Astronauts on the International Space Station give up many pleasures to take those giant leaps in the name of science. They leave behind fresh vegetables, relaxing hot showers, warm sunshine, gently misting rain, and much more.
One of the things astronauts say they miss most is a good cup of coffee. How would YOU like to start your morning sucking freeze dried coffee through a straw from a sealed plastic bag?
Good news for astronauts: Morning Joe got an upgrade. On April 20, 2015, SpaceX delivered to the space station a new microgravity coffee machine named “ISSpresso.”
“Our aerospace engineers have designed a coffeemaker that can function in microgravity conditions,” says David Avino of the Italian engineering firm Argotec. “Working together with the coffee company Lavazza and the Italian Space Agency, we have brought authentic Italian espresso onto the International Space Station.”
No one wants to drink Italian espresso from a plastic bag, however. What astronauts need is a “zero-G coffee cup.”
Fortunately, six of these wonders have been delivered to the space station as well.
Fluid physicist Mark Weislogel of Portland State University and IRPI LLC, who helped invent the cups, explains why they are necessary:
“If you tried to use a regular coffee mug, you might not get the coffee to your face,” says Weislogel. “It would be trapped at the bottom of the mug.”
In low-gravity environments like the space station, fluids tend to get ‘sticky.’ Surface tension and capillary effects, which are overwhelmed by gravity on Earth, rule the day in space. As a result, coffee tends to cling to the walls of the cup.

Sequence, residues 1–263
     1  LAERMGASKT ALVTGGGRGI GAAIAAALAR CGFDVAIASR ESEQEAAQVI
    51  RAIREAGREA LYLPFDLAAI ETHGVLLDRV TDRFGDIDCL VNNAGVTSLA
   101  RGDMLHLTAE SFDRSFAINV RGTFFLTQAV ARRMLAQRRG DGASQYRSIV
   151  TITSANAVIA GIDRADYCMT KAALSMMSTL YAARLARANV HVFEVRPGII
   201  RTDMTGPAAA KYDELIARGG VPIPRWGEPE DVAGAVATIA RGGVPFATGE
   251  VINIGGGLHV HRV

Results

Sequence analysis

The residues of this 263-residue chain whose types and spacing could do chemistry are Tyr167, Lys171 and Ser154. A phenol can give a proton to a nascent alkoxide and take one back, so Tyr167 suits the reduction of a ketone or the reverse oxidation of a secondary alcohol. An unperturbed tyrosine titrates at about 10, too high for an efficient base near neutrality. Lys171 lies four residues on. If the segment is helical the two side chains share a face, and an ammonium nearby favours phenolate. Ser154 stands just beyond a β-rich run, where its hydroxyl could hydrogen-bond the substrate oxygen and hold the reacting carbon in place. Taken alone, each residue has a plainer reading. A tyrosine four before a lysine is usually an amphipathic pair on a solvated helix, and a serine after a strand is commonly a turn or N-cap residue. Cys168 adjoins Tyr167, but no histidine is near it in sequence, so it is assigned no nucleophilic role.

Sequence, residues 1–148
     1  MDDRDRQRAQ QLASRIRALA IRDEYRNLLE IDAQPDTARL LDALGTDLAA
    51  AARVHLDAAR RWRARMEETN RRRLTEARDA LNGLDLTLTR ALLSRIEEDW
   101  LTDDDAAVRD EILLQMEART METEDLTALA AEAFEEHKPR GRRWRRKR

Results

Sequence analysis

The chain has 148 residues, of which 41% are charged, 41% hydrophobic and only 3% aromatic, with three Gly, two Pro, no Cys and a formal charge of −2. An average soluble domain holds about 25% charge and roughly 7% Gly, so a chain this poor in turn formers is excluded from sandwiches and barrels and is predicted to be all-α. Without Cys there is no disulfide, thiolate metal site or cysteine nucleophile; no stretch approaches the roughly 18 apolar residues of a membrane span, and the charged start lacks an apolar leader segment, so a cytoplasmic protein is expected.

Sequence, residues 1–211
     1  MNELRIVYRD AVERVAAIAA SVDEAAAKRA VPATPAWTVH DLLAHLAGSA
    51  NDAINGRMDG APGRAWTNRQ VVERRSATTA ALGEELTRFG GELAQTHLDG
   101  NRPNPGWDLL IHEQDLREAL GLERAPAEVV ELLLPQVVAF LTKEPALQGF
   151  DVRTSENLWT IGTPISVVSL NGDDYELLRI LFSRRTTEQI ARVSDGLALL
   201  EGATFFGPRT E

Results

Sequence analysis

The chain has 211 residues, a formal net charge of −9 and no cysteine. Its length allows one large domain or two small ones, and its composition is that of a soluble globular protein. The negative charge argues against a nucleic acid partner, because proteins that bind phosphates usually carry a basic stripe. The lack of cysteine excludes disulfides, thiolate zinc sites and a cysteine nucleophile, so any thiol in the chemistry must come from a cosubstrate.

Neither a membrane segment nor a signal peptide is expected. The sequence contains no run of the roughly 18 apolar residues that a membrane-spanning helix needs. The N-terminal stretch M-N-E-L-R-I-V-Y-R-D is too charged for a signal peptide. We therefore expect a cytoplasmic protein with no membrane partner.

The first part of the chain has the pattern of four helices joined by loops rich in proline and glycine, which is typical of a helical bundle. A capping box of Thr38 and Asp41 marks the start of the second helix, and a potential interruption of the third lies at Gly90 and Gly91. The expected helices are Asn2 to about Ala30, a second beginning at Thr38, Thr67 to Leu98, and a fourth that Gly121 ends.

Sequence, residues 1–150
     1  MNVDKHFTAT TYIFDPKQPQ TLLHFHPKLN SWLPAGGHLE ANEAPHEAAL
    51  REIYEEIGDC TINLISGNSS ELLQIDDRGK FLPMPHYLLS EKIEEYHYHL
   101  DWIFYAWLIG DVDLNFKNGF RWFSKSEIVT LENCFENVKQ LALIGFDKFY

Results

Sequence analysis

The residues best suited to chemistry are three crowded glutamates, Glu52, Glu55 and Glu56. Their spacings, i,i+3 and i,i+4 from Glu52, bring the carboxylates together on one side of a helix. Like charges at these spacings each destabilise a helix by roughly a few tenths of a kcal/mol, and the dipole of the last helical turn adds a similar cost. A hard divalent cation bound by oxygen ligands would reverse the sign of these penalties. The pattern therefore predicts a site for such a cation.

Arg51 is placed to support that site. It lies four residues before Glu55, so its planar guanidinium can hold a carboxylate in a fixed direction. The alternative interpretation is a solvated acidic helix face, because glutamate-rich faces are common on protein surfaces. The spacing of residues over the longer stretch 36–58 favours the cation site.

“You could dip your tongue in the cup, and lick the hot coffee out. Or you could throw it out of the cup and suck down the scalding blob that forms in the air.”
The zero-G coffee cup solves these problems by ‘going with the flow’: putting the strange behavior of fluid in microgravity to work.
“Basically,” explains Weislogel, “the liquid piles up right at the lip of the cup and keeps flowing as you sip. It pours out by the combined effects of your mouth, the wetting conditions of the fluid, surface tension, and the particular shape of the cup.”
This oddball cup wouldn’t work on Earth, but it is a marvel in space.
Weislogel and colleagues learned how to make the coffee cup by conducting ‘capillary flow’ experiments onboard the station. For years they have been studying how fluids on the station climb the walls of their containers, turn corners, and perform other maneuvers that defy Earthly intuition.
“It’s not all about the coffee,” he says. “We need to understand how fluids behave in any container.”
The operation of many critical space station systems — air conditioning, refrigerators, toilets, cryogenic fuel tanks, medical treatments, the water supply, and everything else that involves liquids– depends on the ebb and flow of fluids.
“These systems must work without gravity if they are to be used on the International Space Station – or on a spaceship en route to Mars,” he adds.
Compared to those other systems, “coffee is not in the critical path of operations,” says Weislogel.
Try telling that to the astronauts at 5:30 in the morning.
This article was originally published on July 10, 2015, by NASA.